a few years ago you didn't need to: 1kb was 1024 byte. it was defined like that. why don't we define 2 as 1 and 1 as 2 next ?
If you read closely, you'll see that the summary is kind of misleading. What canonical is actually doing is using SI prefixes for base-10 units, and IEC prefixes for base-2 units.
In other words, they will use 1kB for 1000 bytes and 1KiB for 1024 bytes. This is a good thing, it just means the UI should be consistent and you don't need to second-guess.
why bother regulating them? all Canadians use the internet for is to search for hockey scores, maple syrup, beavers, learning how to become a mountie, and learning how to best serve as America's hat.
Wow, you deserve a comedy award for that one.
There are some other sites which have had <video> support for a while now, such as omploader. It would be nice if some big sites like youtube get rid of flash too, but I'm not holding my breath.
Disclaimer: it's my site
There's your problem; you're a single male 20 year old with 5 years of experience (by default) and no driver training.
Actually I did have driver training when I was 15, just before I turned 16 and got my license. The problem is that it expires after 2 or 3 years.
means you're using a little less than $100 of fuel per week.
Maybe I could have worded that better by saying a tank lasts less than a week.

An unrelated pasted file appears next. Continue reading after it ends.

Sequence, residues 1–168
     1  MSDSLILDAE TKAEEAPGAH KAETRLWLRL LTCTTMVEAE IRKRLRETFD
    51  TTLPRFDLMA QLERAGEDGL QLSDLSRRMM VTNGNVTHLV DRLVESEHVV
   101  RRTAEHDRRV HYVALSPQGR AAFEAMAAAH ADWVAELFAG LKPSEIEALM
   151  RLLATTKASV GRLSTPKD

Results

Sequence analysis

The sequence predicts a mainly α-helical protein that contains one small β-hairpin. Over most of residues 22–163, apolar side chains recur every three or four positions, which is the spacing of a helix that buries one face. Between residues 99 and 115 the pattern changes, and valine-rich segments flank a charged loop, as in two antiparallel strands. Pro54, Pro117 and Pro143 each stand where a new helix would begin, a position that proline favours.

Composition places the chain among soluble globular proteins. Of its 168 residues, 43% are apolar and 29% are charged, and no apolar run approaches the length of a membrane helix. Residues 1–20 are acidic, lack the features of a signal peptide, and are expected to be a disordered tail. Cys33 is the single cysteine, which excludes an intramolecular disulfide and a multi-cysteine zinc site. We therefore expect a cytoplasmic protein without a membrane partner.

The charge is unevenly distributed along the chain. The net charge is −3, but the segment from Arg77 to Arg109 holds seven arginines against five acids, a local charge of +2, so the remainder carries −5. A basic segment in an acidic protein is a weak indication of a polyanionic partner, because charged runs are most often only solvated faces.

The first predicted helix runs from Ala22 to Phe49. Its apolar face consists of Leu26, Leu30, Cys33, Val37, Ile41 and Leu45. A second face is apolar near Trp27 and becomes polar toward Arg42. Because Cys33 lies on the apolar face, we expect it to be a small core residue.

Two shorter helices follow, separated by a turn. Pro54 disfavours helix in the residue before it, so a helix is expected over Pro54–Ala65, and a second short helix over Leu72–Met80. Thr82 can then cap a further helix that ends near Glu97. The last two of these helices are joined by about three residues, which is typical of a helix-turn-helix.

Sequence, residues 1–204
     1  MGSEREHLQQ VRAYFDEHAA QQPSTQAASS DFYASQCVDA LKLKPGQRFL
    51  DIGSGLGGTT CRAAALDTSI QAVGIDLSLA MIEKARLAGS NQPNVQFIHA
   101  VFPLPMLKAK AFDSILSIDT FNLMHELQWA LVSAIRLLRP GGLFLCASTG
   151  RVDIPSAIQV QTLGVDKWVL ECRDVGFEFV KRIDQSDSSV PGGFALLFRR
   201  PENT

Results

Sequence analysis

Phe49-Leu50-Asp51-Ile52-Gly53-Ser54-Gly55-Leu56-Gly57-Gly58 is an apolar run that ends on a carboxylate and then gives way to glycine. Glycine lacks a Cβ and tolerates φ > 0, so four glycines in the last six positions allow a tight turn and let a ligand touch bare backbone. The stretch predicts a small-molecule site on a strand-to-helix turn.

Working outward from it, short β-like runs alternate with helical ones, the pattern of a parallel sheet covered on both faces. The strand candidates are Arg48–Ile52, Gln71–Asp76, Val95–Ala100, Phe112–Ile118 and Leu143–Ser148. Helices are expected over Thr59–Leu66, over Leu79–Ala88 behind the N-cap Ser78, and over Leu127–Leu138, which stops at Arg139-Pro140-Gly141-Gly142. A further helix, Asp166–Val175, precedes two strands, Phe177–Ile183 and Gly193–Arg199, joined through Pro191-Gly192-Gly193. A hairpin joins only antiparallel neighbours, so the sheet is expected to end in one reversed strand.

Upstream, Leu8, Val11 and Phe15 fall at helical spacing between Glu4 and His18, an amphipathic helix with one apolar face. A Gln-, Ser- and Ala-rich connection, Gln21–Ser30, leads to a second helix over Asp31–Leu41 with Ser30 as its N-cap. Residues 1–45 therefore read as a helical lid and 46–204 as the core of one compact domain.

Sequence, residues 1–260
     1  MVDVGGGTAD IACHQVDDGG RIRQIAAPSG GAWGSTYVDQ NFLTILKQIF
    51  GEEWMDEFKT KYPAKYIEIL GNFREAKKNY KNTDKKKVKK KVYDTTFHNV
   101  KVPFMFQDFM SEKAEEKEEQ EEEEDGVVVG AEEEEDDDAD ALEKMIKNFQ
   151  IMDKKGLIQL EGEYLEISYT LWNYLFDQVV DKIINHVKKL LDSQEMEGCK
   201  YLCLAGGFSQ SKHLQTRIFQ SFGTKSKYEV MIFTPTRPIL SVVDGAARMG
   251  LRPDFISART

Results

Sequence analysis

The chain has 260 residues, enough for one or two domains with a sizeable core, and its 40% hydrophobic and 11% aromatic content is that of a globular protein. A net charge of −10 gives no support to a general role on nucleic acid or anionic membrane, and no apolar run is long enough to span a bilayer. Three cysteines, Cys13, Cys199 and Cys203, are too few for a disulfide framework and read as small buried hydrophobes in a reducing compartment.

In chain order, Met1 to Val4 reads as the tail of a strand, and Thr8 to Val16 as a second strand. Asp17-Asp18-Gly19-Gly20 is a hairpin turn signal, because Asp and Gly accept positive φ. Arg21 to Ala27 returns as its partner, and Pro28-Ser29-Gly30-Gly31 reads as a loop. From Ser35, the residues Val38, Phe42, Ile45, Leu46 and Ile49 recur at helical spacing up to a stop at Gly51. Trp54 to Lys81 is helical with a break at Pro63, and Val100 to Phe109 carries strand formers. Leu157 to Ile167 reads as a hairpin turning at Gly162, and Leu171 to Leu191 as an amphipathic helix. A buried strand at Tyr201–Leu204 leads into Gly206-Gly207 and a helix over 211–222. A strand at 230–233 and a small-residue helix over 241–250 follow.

Given that there are ~52 weeks in a year, how can less than $100 a week in fuel add up to $7k/year?
a little less than 1 tank of fuel per week
Well, since everyone here thinks I'm full of crap, I decided to take a picture of my old insurance policy. Here's the first, and second picture. Note that the highlighted value is the annual cost (so the monthly payment was $489.67).
And for the record, I have a nearly perfect driving record (other than a couple speeding tickets when I was 16).
Technically, you only have a mix of the rights of a motorist and a pedestrian. Examples:
Sure, I'll bite.
Bicyclists are required to stay as close to the curb as possible.
Maybe this is the case where you live, but where I live (and in most other places) cyclists are viewed the same way as any other automobile on the road in the eyes of the law.
Pedestrians get priority over bicyclists on the sidewalk. Riding and crossing intersections too fast is an "unsafe operation" of a bicycle and possibly make you liable in a collision with a vehicle.
Actually, cycling on the sidewalk is illegal (where I live, and in most places as well). However, it's very easy to dismount a bicycle.
Bloody hell, where do you live that insurance is $450 per MONTH? Or perhaps you owned some crazy car, considering $650/mo payments... I used to pay about $100/mo for two cars...
As I mentioned in another comment, those dollars are CAD, and the cost of ownership for automobiles is a lot more here in Canada. Everything is more expensive, plus there is a 20% additional cost from the currency exchange. Even when the CAD was worth more than the USD, everything up here cost 10-40% more. Especially automobiles.
2) In the US, if you are on a bike, you do not have the rights of a pedestrian. You are bound by motor vehicle laws.
It takes approx. 2 seconds to go from being a cyclist to a pedestrian. It's really easy, I swear.
Don't tell me how hard you work. Tell me how much you get done. -- James J. Ling